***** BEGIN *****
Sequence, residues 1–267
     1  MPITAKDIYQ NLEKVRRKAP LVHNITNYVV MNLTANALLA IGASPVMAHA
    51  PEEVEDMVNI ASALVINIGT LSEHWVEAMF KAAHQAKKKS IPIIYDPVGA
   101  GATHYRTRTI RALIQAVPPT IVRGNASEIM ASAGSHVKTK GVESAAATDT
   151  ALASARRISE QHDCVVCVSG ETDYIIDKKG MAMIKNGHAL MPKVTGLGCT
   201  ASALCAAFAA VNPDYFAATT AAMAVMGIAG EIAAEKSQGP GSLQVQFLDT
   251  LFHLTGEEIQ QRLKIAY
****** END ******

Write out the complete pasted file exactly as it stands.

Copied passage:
Sequence, residues 1–267
     1  MPITAKDIYQ NLEKVRRKAP LVHNITNYVV MNLTANALLA IGASPVMAHA
    51  PEEVEDMVNI ASALVINIGT LSEHWVEAMF KAAHQAKKKS IPIIYDPVGA
   101  GATHYRTRTI RALIQAVPPT IVRGNASEIM ASAGSHVKTK GVESAAATDT
   151  ALASARRISE QHDCVVCVSG ETDYIIDKKG MAMIKNGHAL MPKVTGLGCT
   201  ASALCAAFAA VNPDYFAATT AAMAVMGIAG EIAAEKSQGP GSLQVQFLDT
   251  LFHLTGEEIQ QRLKIAY